Oge Marques explaining recent developments in AI for Radiology
Author of the forthcoming book, AI for Radiology
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"There is now enough momentum, and enough factors in AI’s favour, to ensure its ongoing success."
LONDON, UK - Artificial Intelligence is making great inroads for businesses, providing them with valuable new insight into the way they run their operations. For the individual, AI is simply continuing to do what it’s been doing for years: making our lives easier.
However, many people today are confused, and even fearful, about AI. They read stories that make bold claims about the threatening capabilities of AI and how these systems are going to take over the world.
I think this stems from a conflation of general purpose AI (usually called Artificial General Intelligence, or AGI) and special-purpose AI (usually called Artificial Narrow Intelligence, or ANI).
There is a huge difference between these two forms of AI. Everything that exists today in the world of AI is ANI – narrow in the sense that the applications are very good at doing one single thing, such as image recognition and natural language processing. However, a system built for speech recognition would not be able to recognise images.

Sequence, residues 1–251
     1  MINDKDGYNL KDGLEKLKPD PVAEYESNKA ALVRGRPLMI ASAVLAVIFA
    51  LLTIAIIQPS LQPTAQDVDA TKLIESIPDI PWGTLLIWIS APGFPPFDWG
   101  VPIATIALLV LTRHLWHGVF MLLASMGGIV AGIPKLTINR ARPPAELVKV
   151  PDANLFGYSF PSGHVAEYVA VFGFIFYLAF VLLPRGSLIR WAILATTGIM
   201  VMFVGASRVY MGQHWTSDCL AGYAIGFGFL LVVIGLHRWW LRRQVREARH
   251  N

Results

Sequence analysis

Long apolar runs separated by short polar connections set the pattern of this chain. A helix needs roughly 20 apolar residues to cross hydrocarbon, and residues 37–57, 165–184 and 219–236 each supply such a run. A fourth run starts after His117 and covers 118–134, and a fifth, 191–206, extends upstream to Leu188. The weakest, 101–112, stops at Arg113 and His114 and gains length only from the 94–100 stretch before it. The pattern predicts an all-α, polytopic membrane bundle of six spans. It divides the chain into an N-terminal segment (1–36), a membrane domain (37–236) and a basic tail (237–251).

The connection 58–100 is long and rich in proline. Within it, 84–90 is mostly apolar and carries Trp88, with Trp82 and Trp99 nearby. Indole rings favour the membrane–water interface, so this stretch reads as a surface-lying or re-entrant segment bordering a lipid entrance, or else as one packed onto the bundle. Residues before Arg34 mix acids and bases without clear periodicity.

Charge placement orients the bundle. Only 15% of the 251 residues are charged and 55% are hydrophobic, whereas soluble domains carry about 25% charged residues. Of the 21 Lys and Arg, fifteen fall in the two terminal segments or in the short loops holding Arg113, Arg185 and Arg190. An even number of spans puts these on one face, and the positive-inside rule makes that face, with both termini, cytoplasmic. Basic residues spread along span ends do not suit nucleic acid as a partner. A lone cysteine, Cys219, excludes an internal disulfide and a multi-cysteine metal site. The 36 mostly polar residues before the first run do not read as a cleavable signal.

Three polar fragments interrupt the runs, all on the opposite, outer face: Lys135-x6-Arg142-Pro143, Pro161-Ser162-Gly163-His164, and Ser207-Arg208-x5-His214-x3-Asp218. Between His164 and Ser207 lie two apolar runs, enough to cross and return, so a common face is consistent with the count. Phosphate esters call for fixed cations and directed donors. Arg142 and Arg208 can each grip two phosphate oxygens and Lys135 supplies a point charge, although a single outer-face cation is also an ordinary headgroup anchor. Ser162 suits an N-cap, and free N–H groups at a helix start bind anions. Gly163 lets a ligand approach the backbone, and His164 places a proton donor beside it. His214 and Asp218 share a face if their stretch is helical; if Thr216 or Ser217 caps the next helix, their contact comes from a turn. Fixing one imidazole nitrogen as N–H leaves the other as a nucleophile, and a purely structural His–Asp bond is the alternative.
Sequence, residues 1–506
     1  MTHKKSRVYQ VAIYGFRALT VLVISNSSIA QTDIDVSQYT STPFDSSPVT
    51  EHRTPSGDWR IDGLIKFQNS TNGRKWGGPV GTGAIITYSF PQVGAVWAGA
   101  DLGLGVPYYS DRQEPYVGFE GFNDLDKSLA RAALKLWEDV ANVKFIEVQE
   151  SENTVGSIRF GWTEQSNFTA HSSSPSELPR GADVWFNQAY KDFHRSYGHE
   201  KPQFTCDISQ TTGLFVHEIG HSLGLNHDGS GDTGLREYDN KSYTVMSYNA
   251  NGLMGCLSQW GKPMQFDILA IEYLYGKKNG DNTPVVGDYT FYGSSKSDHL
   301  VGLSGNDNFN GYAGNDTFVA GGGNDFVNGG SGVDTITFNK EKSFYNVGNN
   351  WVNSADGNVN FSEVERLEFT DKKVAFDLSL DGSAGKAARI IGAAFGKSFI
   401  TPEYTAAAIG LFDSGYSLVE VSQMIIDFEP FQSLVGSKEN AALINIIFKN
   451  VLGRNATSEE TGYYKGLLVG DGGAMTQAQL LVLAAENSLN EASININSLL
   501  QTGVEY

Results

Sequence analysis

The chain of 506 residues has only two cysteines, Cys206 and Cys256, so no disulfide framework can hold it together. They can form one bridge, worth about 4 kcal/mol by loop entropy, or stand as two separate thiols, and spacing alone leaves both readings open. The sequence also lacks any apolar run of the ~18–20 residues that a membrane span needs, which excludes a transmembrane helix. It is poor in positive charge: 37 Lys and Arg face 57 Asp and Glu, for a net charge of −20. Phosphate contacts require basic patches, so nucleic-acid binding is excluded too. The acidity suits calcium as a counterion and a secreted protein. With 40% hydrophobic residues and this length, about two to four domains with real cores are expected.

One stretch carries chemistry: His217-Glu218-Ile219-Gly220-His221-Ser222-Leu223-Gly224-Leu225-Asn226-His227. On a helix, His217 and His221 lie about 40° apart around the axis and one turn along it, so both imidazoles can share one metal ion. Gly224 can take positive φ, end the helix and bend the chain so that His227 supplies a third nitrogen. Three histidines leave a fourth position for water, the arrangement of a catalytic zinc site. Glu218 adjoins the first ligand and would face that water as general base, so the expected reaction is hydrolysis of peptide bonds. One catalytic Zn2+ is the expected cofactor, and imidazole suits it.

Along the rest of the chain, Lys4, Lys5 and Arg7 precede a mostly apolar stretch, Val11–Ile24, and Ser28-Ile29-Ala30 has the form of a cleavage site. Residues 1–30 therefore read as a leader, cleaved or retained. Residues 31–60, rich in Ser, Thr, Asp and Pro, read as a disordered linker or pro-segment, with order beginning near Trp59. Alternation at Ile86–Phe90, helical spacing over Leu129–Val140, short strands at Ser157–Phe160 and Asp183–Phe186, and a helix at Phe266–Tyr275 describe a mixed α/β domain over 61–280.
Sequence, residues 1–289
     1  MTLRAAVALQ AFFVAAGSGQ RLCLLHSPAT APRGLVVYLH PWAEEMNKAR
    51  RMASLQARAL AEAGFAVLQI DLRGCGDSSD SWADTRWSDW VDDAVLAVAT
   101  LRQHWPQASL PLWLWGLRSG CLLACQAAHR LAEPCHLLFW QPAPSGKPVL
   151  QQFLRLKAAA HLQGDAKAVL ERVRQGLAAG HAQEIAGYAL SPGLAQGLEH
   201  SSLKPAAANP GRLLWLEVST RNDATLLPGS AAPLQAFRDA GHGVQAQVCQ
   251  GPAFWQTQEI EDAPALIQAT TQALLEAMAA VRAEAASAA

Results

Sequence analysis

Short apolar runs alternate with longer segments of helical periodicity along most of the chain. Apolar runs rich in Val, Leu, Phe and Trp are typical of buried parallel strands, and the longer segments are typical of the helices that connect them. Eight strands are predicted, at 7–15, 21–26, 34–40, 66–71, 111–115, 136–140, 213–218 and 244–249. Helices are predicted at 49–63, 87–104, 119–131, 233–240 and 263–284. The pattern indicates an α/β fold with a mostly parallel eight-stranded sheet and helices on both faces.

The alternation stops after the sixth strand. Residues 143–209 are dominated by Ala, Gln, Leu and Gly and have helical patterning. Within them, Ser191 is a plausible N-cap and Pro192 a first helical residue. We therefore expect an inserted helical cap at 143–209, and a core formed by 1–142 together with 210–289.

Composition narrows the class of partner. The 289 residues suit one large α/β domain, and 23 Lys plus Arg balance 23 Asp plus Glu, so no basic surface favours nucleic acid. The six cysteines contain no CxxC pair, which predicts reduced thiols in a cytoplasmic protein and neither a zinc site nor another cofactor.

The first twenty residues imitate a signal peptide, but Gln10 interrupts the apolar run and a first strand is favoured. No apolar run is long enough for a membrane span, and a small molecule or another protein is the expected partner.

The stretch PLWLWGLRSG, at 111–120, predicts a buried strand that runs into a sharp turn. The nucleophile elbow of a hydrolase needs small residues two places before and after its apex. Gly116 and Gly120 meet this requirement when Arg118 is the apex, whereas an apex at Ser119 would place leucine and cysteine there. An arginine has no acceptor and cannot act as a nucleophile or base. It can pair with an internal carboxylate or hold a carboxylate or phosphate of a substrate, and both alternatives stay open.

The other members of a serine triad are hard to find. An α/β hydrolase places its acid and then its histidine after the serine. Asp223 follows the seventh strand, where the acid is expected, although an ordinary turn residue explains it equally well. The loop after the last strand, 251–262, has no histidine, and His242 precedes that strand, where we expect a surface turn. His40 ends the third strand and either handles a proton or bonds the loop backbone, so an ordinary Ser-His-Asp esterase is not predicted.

Our brain can pull together all our thoughts (images, sounds, feelings, smells, etc) to create new thoughts and concepts that we use to make decisions and create things, which is what we usually call intelligence, but is more accurately called ‘general intelligence’.
Now, it’s true that there have been some very recent developments from companies like DeepMind that have started to get systems to take learnings from one computer game and use them in others, but it is still very early days.
And this is just one, very specific environment. The challenge of taking that out into ‘the wild’, i.e. real life, is on a whole different order of magnitude. It’s likely that at some point there will be some very limited examples of AGI but I am very sceptical that we will ever recreate the full capabilities of our brain.
There are already many examples of ANI being used in business, and by people, on a day to day basis. Email spam filters use Natural Language Processing (NLP) and prediction capabilities to differentiate between normal and spam emails. Voice assistants, such as Siri and Alexa, using Speech Recognition and NLP to understand what we want them to do. Satnavs use Problem Solving capabilities to find the optimum route. Many people don’t realise they’re actually using AI in these situations because it has become so commonplace.
Virgin Trains uses Celaton’s AI software to ‘read’ all of their incoming emails to determine who is the best person in the organisation to deal with it; Deutsche Bank uses Speech Recognition AI capabilities to ‘listen’ to all of their dealer’s client calls for hints of non-compliance or fraud; Paypal uses AI Prediction capabilities to identify fraudulent transactions almost as they are happening; and Google used AI Optimisation capabilities to reduce the cooling bill in their data centres by 40%.